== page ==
Wednesday, 25 January 2012

Passports and sh*t

I received my new passport at the weekend, just in time for the pseudo-family trip to The Shetland Isles. I know that a passport is not necessarily required for an internal trip with our land but for some reason I do feel somewhat naked travelling without one. The memories of the old British passport, all black, official and massive are but a dim and distant memory. It was a godsend to generations of military personnel as it provided not only a means to construct a perimeter but acted as a weapon as well. The real shame is the for the first time in my travelling life I had managed to cultivate and maintain an impressive array of visas and stamps.

My cornet is well oiled and ready to go, in fact the only problem is a slightly dented bell-end, and my cornet is a bit beyond repair too (only joking, it will effect the sound a bit). I am still somewhat nervous about taking part in a marching band again, after twenty years, but I'm sure it will be tremendous fun. The rest of the time spent on the mainland will be taken up with pursuing my Shetland quest for sausages, Barbara (our nominal host), will hopefully have some frozen pork for us to take home and Globe Butchers in Lerwick always have some good stuff. I realise that I will almost never become a shining light in the world of brass but I may sparkle somewhat for a moment in the land of sausage.

Trepidation and nervousness is growing with my fellow travellers, particularly Beth. I have checked the weather forecast, especially the shipping forecast for the next few days. It is peculiar that the general weather forecasters, the Met office I mean, seem confident to spout general theoretic nonsense on the likelihood of conditions for days, in fact weeks ahead. But, and I can start a sentence with a BUT, it seems that whenever a serious situation is concerned i.e. shipping, no serious prediction is made more than 24 hours in advance, worth a thought.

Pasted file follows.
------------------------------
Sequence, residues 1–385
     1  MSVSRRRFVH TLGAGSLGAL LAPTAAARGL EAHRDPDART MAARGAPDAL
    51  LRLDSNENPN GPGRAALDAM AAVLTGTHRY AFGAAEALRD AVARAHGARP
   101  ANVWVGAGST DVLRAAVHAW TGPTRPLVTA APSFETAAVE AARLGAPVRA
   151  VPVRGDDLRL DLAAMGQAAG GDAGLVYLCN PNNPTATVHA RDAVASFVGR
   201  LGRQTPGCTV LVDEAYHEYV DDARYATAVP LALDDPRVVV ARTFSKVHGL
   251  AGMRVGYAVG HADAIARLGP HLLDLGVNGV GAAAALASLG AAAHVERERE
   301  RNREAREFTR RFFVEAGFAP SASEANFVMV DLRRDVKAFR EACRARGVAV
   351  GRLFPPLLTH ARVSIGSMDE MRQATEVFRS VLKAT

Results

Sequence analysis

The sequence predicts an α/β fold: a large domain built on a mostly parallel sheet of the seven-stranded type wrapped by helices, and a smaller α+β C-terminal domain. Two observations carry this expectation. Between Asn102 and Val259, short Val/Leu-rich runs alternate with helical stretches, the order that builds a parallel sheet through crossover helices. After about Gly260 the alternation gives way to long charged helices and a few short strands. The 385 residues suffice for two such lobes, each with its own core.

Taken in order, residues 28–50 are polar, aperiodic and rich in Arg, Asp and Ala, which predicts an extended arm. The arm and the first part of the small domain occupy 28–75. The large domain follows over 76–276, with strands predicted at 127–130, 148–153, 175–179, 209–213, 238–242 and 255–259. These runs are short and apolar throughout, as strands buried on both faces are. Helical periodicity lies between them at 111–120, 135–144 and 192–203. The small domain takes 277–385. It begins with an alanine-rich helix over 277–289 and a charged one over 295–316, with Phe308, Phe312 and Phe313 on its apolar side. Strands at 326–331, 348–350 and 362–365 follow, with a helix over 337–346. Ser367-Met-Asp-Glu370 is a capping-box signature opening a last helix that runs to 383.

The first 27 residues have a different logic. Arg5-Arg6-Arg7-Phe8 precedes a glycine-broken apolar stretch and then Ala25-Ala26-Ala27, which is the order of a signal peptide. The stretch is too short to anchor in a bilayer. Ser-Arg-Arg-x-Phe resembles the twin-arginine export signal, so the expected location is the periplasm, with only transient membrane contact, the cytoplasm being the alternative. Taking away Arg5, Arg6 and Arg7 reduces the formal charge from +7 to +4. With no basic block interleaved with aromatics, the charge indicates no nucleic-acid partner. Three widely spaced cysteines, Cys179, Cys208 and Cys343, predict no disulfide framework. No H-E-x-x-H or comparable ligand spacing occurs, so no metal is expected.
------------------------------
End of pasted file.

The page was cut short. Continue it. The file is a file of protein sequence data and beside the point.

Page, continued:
Writing, that's yet another serious consideration, my writing has stalled, again. I know where I need to be with regard to the sausage trail but I am, as usual, somewhat behind with the schedule but only by a few weeks. My novel, on the other hand is months behind.

Well time for bed. I've been told.

Friday, 20 January 2012

Amazingly poor comedy, in fact sh*t comedy

At one point, a time when I had not really seen or heard of a great deal of American animated comedy, I actually believed that there were some talented, and indeed, funny writers over the other side of the pond. Then I actually took the time to watch some of the programmes and completely changed my view. I realise that there is no accounting for taste but, and it is a big but, without the experience to compare there is no foundation to complain. Nonsense I suppose without specifics, so let me supply them.